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I'm an international applicant and I'm not very familiar with the routines of admissions in United States. I was wondering if I get admitted from a university and accepting their offer and while trying to get F-1 visa for it, I get another admission from another university, would I be eligible to accept the admission offer of the latter university or not?

  • Most universities will issue an F-1 visa for introduction students (some can issue J-1, if requested by your funding agency/government/institution). I didn't get you point on Visa? – The Guy Oct 16 '16 at 12:59
  • I meant while our application is being processed in embassy. As I know the applicant themselves must apply for visa and pursue it. – user3070752 Oct 16 '16 at 17:49
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    I think that would make things very complicated. You do not want to start your process and change schools while your application os being processed. This might raise red flags and keep your application on hold. Usually, you go for an interview but the school has to provide you (and embassy) with needed information and forms (I believe I-20, etc). Everything need to be crossed checked multiple times over many levels. By the way, I meant "international" students in my previous comment and not "introduction". – The Guy Oct 16 '16 at 19:07
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You are only allowed to accept admission at one university. As soon as you do so, you should contact all other universities to which you applied, and tell them you have chosen another school and are withdrawing your application.

If you accept admission at University X, then withdraw it and accept admission at University Y instead in the same year, it's considered unethical behavior, and Y might rescind your admission if they find out.

Most US universities use coordinated acceptance deadlines, so you should know exactly which schools have admitted you before you have to choose one.

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    I think when visas are involved things go from being frowned upon to being impossible, if not illegal. For example, I don't know if you can have two I-20s at the same time. – StrongBad Oct 17 '16 at 18:49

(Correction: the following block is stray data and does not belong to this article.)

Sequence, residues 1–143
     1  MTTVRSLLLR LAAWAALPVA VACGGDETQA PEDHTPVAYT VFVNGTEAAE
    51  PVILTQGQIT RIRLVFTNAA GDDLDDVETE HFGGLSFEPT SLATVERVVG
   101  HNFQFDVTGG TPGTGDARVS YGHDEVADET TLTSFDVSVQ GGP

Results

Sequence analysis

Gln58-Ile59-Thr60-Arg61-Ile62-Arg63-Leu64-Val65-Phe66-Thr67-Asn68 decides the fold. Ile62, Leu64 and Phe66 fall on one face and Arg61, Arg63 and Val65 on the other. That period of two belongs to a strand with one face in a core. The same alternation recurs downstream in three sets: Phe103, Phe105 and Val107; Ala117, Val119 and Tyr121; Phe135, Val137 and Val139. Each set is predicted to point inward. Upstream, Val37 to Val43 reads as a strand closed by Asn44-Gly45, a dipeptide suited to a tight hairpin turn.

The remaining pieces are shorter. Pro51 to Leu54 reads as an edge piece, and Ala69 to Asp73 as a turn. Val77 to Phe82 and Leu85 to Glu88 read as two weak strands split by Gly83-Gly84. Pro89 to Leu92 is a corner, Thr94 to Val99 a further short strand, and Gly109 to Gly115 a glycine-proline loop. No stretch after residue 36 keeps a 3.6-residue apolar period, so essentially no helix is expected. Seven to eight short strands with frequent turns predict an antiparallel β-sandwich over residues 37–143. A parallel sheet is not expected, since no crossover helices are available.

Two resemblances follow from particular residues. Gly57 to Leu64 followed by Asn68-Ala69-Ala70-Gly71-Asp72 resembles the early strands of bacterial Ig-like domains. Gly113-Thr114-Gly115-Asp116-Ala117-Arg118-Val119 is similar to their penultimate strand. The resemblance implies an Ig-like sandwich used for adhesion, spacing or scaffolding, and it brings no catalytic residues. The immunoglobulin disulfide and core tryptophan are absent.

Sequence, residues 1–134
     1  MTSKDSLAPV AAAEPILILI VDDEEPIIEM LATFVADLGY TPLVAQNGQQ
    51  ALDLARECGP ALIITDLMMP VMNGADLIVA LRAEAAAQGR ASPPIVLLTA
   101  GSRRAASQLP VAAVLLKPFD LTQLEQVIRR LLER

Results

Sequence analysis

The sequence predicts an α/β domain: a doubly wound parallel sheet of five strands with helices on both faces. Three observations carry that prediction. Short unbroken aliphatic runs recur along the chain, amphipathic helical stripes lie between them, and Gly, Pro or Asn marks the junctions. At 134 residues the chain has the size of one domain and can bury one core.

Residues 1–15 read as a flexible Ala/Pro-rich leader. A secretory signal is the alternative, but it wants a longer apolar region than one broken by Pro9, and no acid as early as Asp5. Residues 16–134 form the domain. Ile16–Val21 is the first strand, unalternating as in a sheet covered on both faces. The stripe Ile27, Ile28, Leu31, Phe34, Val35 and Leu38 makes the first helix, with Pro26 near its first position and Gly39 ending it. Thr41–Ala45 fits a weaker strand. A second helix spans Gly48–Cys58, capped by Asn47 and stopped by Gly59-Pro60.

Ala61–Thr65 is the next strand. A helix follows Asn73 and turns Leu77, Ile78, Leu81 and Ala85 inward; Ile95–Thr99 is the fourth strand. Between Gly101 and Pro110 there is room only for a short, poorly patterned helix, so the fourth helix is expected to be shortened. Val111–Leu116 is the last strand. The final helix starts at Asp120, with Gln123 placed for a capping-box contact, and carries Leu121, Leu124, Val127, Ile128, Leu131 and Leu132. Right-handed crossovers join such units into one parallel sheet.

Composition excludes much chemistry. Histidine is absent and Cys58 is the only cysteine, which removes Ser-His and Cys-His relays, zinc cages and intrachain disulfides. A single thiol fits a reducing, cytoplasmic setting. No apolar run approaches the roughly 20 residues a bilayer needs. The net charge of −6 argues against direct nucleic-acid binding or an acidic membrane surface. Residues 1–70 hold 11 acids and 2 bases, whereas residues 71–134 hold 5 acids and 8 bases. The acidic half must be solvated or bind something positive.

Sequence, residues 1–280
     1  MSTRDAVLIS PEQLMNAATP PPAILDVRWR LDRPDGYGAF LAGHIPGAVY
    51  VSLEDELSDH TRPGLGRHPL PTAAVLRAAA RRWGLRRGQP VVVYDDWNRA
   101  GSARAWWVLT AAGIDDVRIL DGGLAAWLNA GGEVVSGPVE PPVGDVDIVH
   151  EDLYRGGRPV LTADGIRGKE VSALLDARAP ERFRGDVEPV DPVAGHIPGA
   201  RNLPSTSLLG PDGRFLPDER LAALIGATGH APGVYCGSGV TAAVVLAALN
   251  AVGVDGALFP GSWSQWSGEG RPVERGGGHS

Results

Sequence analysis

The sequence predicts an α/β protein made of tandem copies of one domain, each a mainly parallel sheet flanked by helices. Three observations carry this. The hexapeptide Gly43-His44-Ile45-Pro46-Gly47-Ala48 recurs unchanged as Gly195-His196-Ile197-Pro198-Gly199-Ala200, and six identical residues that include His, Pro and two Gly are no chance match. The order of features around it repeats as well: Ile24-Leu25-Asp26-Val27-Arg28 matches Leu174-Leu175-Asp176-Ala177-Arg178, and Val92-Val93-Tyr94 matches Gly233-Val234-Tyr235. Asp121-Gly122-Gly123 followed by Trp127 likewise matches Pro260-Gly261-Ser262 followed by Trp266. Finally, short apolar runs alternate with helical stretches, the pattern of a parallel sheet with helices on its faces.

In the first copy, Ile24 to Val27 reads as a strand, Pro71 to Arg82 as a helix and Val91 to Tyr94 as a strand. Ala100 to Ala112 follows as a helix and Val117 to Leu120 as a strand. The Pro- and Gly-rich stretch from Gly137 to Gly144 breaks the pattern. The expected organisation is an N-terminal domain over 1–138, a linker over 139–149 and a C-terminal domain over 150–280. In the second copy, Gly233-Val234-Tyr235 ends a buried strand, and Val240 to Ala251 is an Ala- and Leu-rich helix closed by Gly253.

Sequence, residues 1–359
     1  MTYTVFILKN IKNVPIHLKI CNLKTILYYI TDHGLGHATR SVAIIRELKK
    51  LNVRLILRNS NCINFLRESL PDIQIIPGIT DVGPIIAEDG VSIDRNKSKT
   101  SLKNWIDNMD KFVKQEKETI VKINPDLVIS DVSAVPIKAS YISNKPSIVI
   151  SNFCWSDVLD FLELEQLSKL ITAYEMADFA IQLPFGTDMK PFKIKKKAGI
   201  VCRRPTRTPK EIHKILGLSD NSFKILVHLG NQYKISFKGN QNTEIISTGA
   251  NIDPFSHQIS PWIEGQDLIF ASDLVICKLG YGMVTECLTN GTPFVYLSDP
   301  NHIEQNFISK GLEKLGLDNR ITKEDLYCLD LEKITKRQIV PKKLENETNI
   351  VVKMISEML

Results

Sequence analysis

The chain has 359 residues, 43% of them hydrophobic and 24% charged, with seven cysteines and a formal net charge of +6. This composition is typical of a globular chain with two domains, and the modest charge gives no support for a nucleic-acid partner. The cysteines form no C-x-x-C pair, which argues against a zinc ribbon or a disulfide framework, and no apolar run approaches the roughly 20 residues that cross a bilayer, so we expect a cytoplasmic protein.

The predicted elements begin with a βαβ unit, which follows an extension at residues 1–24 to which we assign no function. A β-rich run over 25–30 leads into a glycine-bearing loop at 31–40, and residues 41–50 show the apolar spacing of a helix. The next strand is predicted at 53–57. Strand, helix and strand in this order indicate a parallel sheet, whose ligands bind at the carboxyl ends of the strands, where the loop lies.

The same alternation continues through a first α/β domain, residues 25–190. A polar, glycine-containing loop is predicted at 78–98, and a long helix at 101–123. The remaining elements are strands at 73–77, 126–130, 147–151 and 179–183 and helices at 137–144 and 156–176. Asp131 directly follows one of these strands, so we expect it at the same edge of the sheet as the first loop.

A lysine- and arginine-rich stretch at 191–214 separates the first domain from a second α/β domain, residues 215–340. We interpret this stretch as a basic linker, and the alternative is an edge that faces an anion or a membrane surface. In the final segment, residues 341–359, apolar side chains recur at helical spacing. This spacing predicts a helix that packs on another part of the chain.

• I've come up with a new situation. If one of the offers is for Spring and the other one is for Fall, we are still forbidden from withdrawing our previous accepted offer, especially when our previous I-20 is issued? I've heard the universities may accept to repeal your last I-20 and issue a new one with the same SEVIS. – user3070752 Oct 20 '16 at 6:54
  • @user3070752: I don't know about visa rules so I am not addressing that part. But I would say withdrawing to go to a different university is still inappropriate even if they start in different semesters, and rescinding admission could happen in that case as well. Basically, the issue is that if you accept admission and later withdraw, it will probably be too late for the university to admit someone else in your place, so a seat is wasted and some other student loses an opportunity. – Nate Eldredge Oct 20 '16 at 13:22
  • I don't see how unethical this is. Universities opt to have earlier deadlines because they want to attract better students and force them to accept an admission offer, they have to accept the risk. Be fair to students, they are choosing a place to stay for the next few years and the credentials follow them for the rest of their life. The Universities can charge higher deposit fee if they want students commitment. They, instead, already find the right balance between a smaller deposit amount and having a waitlist. It's just business. No one is committing to anything here. – boh Mar 14 '19 at 2:50
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I've asked this question from a university in U.S. and they provided me this answer:

This is probably do-able, but you would likely end up losing the deposit (if you made one) at the other institution.

Ethically, this might be a gray area. But that would be up to you to determine what you are comfortable with.

Another university said:

Yes, as long as you do withdraw from consideration to the other PhD program in March/April, then you would most certainly be eligible for our CS PhD program.

So I think however this is not very ethically a correct action but is not forbidden and those who have previously accepted an offer would have this chance to change their mind.

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